More new faces on the horizon this week. From the Reading/Leeds Festival from a few weeks ago, a new band from Leeds. The Golden Age Of TV are a post-Rock conglomeration that have only been together since the end of 2016, not quite a year.
But in a short amount of time they’ve been grabbing attention, especially from BBC Radio 1, who have been promoting them a lot over the past few months, via sessions and plugging both of their singles.
One more reason to appreciate the current festival climate in Europe is the amount of new talent that gets exposed to audiences who normally wouldn’t go out of their way to see a new, unknown band or artist. Here, it’s in the setting of everything else going on, and the Introducing Stage is one of the more successful ways a band gets attention and the chance at building an audience.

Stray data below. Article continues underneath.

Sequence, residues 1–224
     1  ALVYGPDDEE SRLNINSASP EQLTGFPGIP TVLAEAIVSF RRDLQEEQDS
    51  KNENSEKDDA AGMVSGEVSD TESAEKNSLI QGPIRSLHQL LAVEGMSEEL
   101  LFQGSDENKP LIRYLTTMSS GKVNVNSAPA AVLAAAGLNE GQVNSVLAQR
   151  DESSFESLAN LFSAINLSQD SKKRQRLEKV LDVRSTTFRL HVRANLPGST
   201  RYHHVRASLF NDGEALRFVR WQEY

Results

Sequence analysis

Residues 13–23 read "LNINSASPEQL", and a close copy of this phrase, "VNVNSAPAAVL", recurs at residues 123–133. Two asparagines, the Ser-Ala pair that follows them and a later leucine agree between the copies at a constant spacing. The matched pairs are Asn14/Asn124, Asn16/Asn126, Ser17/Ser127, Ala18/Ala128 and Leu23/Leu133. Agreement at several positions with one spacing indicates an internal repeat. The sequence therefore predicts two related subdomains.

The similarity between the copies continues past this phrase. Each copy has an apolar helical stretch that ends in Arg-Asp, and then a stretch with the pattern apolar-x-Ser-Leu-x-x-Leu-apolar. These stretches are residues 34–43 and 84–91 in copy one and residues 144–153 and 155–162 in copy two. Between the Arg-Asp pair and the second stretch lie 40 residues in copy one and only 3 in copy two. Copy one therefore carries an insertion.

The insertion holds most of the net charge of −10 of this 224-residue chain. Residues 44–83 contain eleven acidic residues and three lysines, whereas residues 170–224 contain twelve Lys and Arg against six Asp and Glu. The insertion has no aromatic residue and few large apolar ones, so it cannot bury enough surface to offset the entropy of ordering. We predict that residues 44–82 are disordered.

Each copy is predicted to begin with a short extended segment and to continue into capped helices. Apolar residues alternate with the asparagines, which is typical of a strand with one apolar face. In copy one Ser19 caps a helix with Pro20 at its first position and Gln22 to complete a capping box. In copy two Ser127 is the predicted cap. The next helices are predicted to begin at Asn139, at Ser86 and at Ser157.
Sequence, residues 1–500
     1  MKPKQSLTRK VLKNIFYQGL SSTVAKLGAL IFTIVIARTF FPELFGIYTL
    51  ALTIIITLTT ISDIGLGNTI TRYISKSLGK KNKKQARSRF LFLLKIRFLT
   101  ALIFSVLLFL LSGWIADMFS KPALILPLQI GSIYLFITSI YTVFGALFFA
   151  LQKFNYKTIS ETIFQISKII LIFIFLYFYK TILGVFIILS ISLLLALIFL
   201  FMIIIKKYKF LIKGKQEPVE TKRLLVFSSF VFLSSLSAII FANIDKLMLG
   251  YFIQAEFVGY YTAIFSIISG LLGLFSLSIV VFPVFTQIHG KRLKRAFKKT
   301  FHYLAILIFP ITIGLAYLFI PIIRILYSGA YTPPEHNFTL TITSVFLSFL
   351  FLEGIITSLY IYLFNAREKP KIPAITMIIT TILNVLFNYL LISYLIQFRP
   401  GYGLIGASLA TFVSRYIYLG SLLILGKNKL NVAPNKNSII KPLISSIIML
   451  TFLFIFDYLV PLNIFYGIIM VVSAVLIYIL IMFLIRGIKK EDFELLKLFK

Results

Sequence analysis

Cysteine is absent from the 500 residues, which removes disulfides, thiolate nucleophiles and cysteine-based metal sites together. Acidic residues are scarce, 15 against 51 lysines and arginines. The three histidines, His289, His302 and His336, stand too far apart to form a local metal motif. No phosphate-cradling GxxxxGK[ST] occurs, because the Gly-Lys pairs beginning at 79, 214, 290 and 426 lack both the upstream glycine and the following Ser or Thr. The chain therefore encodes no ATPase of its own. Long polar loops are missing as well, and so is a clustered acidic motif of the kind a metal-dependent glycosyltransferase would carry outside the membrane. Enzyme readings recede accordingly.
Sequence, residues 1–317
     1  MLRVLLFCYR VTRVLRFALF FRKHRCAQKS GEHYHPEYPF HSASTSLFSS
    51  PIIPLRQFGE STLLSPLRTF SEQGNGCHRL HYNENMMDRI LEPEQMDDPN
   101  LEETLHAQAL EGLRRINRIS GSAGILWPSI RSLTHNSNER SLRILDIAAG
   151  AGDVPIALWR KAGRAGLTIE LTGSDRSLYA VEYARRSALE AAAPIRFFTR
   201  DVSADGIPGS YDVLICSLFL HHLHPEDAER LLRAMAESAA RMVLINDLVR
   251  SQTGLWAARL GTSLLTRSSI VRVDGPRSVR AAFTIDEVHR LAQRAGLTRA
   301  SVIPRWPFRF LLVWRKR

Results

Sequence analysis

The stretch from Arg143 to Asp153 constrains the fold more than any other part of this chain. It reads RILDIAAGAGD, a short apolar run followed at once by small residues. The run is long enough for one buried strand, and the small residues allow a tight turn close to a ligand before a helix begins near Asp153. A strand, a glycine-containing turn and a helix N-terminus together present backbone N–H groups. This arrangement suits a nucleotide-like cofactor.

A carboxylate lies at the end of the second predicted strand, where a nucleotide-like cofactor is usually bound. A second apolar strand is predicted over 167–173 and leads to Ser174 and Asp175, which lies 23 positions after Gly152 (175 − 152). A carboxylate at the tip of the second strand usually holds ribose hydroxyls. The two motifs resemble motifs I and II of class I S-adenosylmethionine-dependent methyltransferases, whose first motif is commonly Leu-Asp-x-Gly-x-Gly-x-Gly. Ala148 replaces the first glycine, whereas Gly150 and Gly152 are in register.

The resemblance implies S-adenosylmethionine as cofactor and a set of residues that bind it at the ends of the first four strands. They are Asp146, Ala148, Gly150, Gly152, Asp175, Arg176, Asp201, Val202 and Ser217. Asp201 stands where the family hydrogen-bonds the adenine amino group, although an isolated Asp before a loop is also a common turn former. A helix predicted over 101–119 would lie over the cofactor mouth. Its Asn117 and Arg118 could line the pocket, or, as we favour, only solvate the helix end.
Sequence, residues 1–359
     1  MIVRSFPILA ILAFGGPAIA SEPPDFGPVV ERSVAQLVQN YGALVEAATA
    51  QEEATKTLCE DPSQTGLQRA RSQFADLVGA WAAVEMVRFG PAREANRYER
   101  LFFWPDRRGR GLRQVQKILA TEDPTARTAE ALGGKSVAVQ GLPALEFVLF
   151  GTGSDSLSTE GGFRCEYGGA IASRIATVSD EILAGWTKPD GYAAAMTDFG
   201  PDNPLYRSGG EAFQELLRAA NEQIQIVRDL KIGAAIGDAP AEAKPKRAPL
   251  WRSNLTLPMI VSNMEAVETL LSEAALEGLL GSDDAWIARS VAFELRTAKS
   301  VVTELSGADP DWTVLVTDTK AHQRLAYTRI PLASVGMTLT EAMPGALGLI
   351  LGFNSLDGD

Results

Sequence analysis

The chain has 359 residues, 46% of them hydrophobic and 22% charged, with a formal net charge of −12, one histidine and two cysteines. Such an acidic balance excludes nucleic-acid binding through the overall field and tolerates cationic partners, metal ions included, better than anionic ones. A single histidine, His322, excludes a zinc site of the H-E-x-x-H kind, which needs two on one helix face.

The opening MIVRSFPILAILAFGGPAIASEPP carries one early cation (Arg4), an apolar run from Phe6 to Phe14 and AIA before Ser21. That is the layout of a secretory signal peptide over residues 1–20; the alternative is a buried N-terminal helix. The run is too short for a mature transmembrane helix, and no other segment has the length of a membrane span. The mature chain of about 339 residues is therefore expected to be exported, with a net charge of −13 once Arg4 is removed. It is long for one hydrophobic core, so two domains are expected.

In addition to the festival performance is also the broadcast of these acts via BBC Radio 1. This one came via Hew Stephens’ program, which was spotlighting artists from the Introducing Stage during the week following the festival. So, not only do you have the potential for an audience via the Festival itself, there is the added bonus of broadcasting that set to an even bigger audience.
It’s a hell of a lot better than the current climate of Pay-to-Play.
This set by The Golden Age Of TV grabbed me and held my interest and found me wanting to hear more – a sure sign of a successful set. It also proves there is a veritable untapped reservoir of talent, not only in the UK but a lot of places. It’s become a listeners market – the opportunity to sample from a vast table of sonic nourishment and take more of what you like.
Despite the difficulties of breaking a band to an audience these days – how it’s become pretty much a DIY affair, the fact that radio (and TV in some cases) is picking up the slack, after dropping the ball for too long, makes this an ideal platform for launching talent once again. It’s an avenue a lot of media outlets need to pay attention to.
Have a listen to some new discoveries in the meantime. I suspect we’ll be hearing more from Golden Age Of TV over the coming months. Just a hunch.